6. 1 Tbsp. Olive oil
  7. 1 Tbsp. butter
  8. 1 small onion, chopped
  9. 5 whole garlic cloves, skin removed
  10. 2 cups vegetable or pork stock
  11. 1 12 oz. Jar SALSAOLOGY Pumpkin Mole
  12. For the Rice
  13. 1 poblano pepper, seeds and stem removed
  14. ¼ cup onion
  15. 2 cloves garlic
  16. Zest from one lime
  17. ½ cup cilantro
  18. 3 Tbsp. butter
  19. 1 ½ cups rice
  20. 3 cups vegetable stock* (or however much you need for the type of rice you’re making)
  21. 1 tsp. cumin
  22. Salt
  23. For the Beans
  24. 2 15oz. can black beans
  25. 1 cup vegetable stock
  26. 2 cloves minced garlic
  27. ½ tsp. smoked paprika
  28. Salt and pepper
  29. For Everything Else
  30. 1 green plantain, thinly sliced
  31. Salt
  32. 1 very ripe plantain, sliced into pieces ¼ in. thick (look for one with a very black peel)
  33. 6 slices cotija cheese, cut into ½ inch thick wedges
  34. Vegetable oil for frying
  35. For Serving
  36. Chopped cilantro
  37. Lime wedges
  38. Crumbled queso fresco
  39. Avocado
  40. Hot sauce
  1. Make the Pulled Pork
  2. Preheat oven to 350°F.
  3. Trim pork of any excess fat and cut into 3-4 inch chunks.
  4. Melt olive oil and butter over medium heat in a large ovenproof pan with oven safe lid. You can use tinfoil if you pan doesn’t have a lid.
  5. Season pork with salt and pepper and brown in batches.
  6. Next, add onion and garlic to the pan and sauté for 3-4 minutes.
  7. Deglaze the pan with stock and use a wooden spoon to scrape up any brown bits.
  8. Add in the mole and give the sauce a stir.
  9. Return pork to the pan and cover. Cook for about 2-2 ½ hours or until pork is tender and falls apart.
  10. Use forks to shred the pork and mix it well in the Pumpkin Mole.
  11. Make the Rice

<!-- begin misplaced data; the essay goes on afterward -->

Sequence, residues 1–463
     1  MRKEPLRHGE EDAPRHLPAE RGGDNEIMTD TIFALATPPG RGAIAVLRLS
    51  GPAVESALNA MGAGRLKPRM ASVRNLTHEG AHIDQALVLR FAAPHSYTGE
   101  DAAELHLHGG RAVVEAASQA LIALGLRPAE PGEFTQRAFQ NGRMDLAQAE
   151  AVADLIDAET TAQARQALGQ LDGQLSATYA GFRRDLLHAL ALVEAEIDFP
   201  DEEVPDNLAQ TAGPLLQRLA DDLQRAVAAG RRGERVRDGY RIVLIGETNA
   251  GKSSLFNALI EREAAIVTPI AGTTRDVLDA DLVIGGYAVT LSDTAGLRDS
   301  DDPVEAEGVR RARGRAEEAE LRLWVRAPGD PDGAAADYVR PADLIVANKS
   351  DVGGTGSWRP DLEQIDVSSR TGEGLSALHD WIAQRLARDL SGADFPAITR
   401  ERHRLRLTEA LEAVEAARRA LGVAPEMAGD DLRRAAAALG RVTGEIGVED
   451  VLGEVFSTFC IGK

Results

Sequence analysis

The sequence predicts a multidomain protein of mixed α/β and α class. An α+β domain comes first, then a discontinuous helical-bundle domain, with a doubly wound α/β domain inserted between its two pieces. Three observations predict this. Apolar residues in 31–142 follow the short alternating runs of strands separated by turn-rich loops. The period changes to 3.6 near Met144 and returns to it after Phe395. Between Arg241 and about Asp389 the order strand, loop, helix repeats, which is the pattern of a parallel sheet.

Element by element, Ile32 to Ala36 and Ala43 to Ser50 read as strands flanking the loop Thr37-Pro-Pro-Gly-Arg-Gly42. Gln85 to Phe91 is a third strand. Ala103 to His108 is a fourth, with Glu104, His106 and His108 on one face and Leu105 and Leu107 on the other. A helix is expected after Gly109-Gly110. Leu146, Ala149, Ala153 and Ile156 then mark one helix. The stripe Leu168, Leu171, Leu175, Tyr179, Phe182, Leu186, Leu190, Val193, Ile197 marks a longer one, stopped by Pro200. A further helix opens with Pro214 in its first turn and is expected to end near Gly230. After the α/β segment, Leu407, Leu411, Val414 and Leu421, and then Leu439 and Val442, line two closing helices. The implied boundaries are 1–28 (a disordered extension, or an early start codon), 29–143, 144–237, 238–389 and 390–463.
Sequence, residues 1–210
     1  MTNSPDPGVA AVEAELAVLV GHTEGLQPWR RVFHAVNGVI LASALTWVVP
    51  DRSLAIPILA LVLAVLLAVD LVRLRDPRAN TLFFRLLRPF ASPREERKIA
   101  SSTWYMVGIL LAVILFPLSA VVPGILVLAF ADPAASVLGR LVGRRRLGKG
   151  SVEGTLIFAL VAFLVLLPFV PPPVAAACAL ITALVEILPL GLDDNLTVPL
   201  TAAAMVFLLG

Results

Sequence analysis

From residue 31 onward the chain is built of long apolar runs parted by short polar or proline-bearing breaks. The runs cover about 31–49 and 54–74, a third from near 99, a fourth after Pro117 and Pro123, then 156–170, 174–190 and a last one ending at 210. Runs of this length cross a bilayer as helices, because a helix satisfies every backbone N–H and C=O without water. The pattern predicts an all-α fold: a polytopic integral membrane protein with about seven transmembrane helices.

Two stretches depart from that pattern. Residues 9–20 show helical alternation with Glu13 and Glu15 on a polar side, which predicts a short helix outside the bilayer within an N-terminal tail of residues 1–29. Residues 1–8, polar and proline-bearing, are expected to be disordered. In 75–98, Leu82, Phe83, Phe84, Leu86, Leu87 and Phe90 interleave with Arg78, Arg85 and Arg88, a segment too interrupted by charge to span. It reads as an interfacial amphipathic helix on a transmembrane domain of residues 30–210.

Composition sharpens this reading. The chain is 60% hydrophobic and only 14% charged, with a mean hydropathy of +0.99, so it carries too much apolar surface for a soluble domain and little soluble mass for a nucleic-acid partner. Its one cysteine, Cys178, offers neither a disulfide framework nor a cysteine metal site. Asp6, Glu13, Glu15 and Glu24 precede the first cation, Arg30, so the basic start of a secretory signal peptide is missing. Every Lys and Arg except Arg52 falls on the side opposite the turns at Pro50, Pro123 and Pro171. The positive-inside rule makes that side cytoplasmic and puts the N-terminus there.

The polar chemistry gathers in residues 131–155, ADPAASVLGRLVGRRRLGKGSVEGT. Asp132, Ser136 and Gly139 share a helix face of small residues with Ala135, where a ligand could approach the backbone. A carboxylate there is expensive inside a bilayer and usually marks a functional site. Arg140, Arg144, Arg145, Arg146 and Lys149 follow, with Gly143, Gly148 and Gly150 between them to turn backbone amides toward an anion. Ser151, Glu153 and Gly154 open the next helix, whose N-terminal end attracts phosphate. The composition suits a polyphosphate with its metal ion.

12. In a food processor, puree the poblano, onion, garlic, cilantro, and lime zest. Pour in a little of the stock you will be using in the rice to help the process along.
  13. In a medium saucepan melt butter over medium heat.
  14. Add in rice and toast until golden (not burned)!
  15. Pour in pureed poblano mixture and the rest of the stock.
  16. Stir in cumin, taste-test the both and season with salt if necessary.
  17. Cover, reduce heat, and cook for the amount of time indicated on your rice package instructions.
  18. When rice is ready, fluff with fork, and leave covered until ready to serve.
  19. Make the Beans
  20. Combine all ingredients in a small saucepan over medium-low heat. Allow to simmer until beans are heated through and about ½ the liquid has evaporated. About ten minutes.
  21. Fry the Plantains and Cotija
  22. Prepare a plate lined with paper towels.
  23. Heat 2-3 inches of oil in a heavy-bottomed pot.
  24. Start by frying the green plantains. I used the thinnest possible setting on my mandolin.
  25. Fry green plantains in a few batches for about 3-4 minutes, until golden and crisp. drain on paper towel-lined plate and season with salt immediately.
  26. Next fry the sweet, ripe plantain. Fry in batches for about 1-2 minutes, remove, smash with for, and then cook another 2 minutes or so, until golden. Drain on paper towels.
  27. Fry the cotija last! It’s a bit messy in the oil. If you have a splatter screen this would be a good time to use it.
  28. Carefully place cotija wedges in oil (3 at a time) and fry until a deep golden brown, about 2 minutes. Be very careful, the cheese is likely to splatter!
  29. To Serve
  30. Scoop rice into bowls followed by portions of beans, pulled pork, plantains, and cotija.
  31. Garnish with queso fresco, cilantro, and avocado.
  32. Serve with lime wedges and hot sauce if desired.
  33. Enjoy!